Publication: Natural Disasters, Poverty and Inequality: New Metrics for Fairer Policies

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Walsh, Brian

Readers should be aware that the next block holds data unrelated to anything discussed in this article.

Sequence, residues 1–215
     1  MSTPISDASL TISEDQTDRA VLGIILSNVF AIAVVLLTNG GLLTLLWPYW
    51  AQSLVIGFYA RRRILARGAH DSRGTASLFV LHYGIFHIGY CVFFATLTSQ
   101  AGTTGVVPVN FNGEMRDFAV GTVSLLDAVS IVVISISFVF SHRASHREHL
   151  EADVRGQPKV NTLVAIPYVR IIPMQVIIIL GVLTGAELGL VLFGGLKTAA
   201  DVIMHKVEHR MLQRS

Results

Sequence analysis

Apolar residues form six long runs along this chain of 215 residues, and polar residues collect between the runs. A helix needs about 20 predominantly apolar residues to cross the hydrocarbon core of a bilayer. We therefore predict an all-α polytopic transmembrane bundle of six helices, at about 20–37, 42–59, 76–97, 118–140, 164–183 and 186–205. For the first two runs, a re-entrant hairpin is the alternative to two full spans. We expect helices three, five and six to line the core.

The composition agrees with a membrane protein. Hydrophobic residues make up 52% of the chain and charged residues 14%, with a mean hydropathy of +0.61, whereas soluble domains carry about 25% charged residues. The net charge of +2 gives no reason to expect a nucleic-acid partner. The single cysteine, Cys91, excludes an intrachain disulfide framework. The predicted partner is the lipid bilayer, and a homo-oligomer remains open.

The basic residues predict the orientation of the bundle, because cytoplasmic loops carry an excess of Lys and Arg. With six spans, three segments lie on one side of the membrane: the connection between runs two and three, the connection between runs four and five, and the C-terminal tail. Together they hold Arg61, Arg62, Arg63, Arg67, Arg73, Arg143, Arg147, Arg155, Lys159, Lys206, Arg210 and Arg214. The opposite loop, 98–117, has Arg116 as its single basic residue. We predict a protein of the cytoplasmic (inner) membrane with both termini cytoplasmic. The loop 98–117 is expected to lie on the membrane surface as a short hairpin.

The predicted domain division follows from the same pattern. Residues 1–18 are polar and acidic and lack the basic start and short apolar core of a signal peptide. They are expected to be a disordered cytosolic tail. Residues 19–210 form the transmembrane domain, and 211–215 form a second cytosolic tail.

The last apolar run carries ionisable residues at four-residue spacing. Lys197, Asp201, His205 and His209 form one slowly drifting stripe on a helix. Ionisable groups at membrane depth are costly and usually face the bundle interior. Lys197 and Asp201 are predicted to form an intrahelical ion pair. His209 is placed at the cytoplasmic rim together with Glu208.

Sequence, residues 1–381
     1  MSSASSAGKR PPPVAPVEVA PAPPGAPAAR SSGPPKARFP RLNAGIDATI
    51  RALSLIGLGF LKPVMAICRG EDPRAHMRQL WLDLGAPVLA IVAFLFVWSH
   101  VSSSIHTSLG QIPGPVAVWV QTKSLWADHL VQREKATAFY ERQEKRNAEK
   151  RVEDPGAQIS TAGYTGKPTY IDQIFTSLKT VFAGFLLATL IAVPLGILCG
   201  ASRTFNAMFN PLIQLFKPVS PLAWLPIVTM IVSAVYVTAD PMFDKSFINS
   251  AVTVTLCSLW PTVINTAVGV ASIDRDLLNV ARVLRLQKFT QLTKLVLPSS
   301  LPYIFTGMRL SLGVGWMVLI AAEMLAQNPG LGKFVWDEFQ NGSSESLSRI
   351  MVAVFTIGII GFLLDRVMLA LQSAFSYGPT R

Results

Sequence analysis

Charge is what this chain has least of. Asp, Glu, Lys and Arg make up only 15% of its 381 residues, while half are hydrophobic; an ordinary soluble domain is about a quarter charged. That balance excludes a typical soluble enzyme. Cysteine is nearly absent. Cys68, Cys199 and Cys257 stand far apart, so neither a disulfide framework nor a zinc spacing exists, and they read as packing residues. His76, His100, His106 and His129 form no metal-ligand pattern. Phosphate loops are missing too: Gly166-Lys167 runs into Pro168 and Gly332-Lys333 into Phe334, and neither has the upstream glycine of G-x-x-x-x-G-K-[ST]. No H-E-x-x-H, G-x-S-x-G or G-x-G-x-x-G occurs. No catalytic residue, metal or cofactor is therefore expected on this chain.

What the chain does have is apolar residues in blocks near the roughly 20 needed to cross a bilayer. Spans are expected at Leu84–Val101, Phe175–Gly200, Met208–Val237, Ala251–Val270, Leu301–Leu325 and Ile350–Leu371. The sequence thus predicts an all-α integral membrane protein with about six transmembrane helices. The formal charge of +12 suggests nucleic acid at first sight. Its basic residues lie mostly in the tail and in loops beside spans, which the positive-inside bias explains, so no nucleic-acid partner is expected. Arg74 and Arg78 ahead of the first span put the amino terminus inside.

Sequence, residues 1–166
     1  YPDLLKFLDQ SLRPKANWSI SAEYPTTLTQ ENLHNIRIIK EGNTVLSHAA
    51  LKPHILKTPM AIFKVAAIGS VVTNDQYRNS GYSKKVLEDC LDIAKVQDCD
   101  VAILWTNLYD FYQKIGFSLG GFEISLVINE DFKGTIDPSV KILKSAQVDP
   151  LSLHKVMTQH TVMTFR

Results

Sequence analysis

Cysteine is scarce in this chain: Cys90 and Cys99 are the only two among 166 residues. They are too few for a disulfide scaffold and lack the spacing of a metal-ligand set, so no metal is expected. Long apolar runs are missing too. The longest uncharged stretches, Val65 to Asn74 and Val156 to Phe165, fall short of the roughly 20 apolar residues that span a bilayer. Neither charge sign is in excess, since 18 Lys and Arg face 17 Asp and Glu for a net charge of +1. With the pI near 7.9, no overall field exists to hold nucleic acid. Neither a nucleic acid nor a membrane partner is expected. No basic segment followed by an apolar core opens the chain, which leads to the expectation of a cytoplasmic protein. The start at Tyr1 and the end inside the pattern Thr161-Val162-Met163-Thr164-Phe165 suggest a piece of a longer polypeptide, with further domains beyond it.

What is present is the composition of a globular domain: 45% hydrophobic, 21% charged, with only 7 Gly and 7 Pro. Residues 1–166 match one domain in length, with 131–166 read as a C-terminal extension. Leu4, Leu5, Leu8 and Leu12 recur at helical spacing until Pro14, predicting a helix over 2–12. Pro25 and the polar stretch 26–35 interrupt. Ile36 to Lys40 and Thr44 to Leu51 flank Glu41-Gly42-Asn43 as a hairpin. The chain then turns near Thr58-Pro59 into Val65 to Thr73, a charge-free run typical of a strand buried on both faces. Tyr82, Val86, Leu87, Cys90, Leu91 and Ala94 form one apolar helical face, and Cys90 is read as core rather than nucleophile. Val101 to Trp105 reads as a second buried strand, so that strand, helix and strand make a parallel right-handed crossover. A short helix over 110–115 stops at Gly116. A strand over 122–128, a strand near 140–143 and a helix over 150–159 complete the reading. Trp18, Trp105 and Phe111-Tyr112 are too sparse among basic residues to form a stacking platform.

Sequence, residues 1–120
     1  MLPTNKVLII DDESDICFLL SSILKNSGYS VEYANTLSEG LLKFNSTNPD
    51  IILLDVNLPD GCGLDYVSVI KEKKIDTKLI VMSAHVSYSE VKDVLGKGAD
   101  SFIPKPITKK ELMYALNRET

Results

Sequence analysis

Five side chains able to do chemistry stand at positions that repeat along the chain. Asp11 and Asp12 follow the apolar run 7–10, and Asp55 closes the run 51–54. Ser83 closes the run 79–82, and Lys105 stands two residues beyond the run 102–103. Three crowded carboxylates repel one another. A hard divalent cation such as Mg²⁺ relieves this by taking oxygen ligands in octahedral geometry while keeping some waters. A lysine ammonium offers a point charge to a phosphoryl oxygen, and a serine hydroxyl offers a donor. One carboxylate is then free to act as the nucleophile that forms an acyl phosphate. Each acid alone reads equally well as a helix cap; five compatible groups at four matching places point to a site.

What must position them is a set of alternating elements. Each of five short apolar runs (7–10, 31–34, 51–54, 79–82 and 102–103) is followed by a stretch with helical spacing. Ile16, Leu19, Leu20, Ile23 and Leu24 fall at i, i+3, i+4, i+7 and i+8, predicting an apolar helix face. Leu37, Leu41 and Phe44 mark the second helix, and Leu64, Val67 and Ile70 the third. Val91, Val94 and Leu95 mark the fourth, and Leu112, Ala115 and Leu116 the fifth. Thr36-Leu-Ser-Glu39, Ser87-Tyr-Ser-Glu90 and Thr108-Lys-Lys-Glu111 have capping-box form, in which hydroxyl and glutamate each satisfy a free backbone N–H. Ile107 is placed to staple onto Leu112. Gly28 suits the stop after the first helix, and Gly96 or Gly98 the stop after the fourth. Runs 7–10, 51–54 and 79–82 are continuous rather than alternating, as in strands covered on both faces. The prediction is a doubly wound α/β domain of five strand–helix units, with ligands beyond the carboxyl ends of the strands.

Conventional risk assessments underestimate the human and macroeconomic costs of disasters, leading to inefficient risk management strategies. This happens because conventional assessments focus on asset losses, neglecting important relationships between vulnerability and development. When affected by a hazard, poor households take longer to recover from disasters and are more likely to face long-term consequences. Forced to manage trade-offs between essential consumption and reconstruction, these households are more likely to face persistent health or education costs. This chapter proposes a review of existing research into the natural disaster-poverty-inequality nexus and the various metrics that can be used to measure disaster impacts, such as recovery times, economic (income or consumption) losses, poverty incidence, inequality, and welfare or well-being losses. Each of these metrics provides a different perspective on disaster costs and suggest different spatial and sectoral priorities for action. Focusing on the concepts of well-being losses and socioeconomic resilience, this chapter shows how more comprehensive accounting of disaster impacts can better inform disaster risk management and climate change adaptation strategies and support their integration into development and poverty-reduction policies.
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